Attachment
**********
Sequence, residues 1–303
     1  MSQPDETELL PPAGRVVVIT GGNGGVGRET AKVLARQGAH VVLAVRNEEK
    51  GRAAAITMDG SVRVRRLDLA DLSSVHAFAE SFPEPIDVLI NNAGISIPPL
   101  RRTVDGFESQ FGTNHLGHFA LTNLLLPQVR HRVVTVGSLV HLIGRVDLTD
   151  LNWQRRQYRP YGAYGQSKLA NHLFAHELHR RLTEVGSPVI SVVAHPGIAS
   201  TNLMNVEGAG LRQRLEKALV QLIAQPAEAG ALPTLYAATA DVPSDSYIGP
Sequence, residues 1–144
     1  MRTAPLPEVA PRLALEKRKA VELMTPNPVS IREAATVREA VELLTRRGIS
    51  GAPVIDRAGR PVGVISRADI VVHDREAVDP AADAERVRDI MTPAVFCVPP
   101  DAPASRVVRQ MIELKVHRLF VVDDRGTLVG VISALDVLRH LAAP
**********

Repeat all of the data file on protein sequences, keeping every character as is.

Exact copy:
Sequence, residues 1–303
     1  MSQPDETELL PPAGRVVVIT GGNGGVGRET AKVLARQGAH VVLAVRNEEK
    51  GRAAAITMDG SVRVRRLDLA DLSSVHAFAE SFPEPIDVLI NNAGISIPPL
   101  RRTVDGFESQ FGTNHLGHFA LTNLLLPQVR HRVVTVGSLV HLIGRVDLTD
   151  LNWQRRQYRP YGAYGQSKLA NHLFAHELHR RLTEVGSPVI SVVAHPGIAS
   201  TNLMNVEGAG LRQRLEKALV QLIAQPAEAG ALPTLYAATA DVPSDSYIGP
Sequence, residues 1–144
     1  MRTAPLPEVA PRLALEKRKA VELMTPNPVS IREAATVREA VELLTRRGIS
    51  GAPVIDRAGR PVGVISRADI VVHDREAVDP AADAERVRDI MTPAVFCVPP
   101  DAPASRVVRQ MIELKVHRLF VVDDRGTLVG VISALDVLRH LAAP